Hong Kong, 2049. It has been 2 years since the country lost its autonomy from China. In an attempt to control population growth, the Governor - General Wang - seeks to prevent all Hong Kong women from giving birth to male children, subjecting them to mandatory screenings and abortions if they are found to be carrying a son. 23 year-old Suki Wong is one of those women - having hidden her pregnancy from the authorities, with the father imprisoned for treason, she gives birth to a son. She must risk everything to save her baby by securing passage to Saipan, where she has family. Suki finds a sailor who smuggles people out Hong Kong for a price, but can only afford passage for one. Making a heartbreaking decision, she hands over her baby to the smuggler, who brings him aboard a military ship with General Wang and his infertile wife among its passengers. As the ship sets sail, the General’s wife hears a muffled cry from one of the cabins and discovers Suki’s son, deciding to keep him for herself rather than let him meet a terrible fate on the mainland. She names the boy Wang Tao - Ruler of Waves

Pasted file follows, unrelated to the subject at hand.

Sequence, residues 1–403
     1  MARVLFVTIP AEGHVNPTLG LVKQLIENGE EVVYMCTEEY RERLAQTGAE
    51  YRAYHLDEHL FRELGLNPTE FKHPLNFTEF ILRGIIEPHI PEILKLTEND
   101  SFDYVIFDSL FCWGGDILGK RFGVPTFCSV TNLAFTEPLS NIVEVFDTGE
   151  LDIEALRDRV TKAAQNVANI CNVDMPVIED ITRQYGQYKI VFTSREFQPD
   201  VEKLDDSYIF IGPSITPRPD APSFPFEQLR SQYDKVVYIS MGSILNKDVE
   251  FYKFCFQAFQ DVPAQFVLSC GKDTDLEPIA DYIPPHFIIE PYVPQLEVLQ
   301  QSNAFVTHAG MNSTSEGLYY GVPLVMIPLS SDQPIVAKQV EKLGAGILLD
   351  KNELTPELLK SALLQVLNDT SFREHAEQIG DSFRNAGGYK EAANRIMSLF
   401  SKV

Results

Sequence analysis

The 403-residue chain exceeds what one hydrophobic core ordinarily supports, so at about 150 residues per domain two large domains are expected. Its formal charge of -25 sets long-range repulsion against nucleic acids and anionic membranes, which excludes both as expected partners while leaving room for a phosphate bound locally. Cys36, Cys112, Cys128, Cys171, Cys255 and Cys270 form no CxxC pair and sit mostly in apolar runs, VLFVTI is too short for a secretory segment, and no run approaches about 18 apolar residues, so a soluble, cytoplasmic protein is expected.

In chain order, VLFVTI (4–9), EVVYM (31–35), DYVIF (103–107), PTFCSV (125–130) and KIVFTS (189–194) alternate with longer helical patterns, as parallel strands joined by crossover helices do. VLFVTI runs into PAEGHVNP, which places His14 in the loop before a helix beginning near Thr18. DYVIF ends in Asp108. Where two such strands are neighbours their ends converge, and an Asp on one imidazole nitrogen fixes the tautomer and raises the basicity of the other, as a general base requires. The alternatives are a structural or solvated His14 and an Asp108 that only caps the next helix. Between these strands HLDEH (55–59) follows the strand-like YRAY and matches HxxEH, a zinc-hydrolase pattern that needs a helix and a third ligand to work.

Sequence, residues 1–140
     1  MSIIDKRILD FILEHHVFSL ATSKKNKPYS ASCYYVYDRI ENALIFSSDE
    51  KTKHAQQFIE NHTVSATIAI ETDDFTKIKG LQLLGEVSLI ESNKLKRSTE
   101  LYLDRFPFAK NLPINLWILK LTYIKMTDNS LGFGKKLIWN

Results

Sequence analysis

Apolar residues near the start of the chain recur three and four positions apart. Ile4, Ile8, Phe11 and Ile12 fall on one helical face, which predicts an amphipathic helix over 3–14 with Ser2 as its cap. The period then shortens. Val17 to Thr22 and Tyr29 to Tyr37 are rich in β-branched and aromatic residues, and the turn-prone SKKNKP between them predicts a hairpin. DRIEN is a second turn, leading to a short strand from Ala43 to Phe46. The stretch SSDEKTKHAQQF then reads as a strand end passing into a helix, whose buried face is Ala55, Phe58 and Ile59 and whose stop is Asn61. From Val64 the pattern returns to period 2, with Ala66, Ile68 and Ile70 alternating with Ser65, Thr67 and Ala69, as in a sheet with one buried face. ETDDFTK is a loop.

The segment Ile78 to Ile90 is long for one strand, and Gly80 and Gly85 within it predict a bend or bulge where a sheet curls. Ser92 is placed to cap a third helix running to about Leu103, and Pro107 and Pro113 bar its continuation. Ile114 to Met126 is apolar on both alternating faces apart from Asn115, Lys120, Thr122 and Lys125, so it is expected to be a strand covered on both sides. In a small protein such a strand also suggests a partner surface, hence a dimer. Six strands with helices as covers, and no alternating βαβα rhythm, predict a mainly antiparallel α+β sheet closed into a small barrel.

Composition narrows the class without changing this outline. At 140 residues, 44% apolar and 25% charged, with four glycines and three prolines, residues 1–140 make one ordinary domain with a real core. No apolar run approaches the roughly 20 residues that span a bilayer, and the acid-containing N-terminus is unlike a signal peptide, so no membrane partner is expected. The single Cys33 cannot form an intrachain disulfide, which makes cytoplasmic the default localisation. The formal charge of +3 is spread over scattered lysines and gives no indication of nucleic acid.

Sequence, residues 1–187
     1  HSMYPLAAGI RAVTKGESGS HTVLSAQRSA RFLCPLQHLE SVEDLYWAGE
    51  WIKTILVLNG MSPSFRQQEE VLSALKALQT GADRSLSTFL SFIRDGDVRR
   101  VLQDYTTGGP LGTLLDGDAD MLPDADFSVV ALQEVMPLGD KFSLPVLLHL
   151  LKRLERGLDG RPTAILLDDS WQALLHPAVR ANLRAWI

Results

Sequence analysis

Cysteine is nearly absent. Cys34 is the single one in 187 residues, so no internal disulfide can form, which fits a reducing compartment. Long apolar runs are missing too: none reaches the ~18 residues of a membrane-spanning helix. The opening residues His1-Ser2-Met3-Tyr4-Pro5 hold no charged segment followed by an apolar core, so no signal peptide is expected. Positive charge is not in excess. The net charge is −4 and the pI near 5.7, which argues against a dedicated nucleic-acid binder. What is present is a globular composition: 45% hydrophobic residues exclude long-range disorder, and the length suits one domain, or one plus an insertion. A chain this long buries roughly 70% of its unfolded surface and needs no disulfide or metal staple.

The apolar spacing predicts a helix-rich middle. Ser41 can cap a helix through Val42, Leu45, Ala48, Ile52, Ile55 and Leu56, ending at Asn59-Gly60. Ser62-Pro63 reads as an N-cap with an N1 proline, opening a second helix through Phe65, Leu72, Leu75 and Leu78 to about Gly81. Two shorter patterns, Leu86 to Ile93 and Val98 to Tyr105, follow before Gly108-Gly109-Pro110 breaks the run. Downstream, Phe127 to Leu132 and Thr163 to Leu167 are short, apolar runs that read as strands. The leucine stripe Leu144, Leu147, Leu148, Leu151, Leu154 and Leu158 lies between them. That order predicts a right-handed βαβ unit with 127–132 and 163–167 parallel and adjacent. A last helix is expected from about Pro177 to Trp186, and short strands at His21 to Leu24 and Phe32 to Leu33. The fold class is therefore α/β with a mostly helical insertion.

What attracted me to Exodus 1:1-2:10, detailing the Birth of Moses and his escape from slaughter, is the emotional core of the story - a mother's love for her child. This element in particular makes it a universal tale I can translate to near-future Hong Kong, an environment that works as effectively as Ancient Egypt and allows for an examination of China's one-child policy and the current state of the special administrative regions which wants to keep its autonomy. The Israelites suffered under Pharaoh in the same way as the Hong Kongese people are oppressed in my adaptation by the Chinese Communist Party's regime. Suki Wong has a similar role to Jochebed, Moses' mother, trying to save her child from certain death. Instead of travelling along a river, Suki's son is faced with a treacherous ocean separating Hong Kong from Saipan. Whilst Moses is named by Pharaoh's daughter - she "drew him out of the water" - General Wang's wife gives Suki's son a Chinese name, Wang Tao, which roughly translates to "Ruler of Waves". This not only refers to the waves of the Pacific Ocean, but also a name that could be given to Moses for parting the Red Sea.
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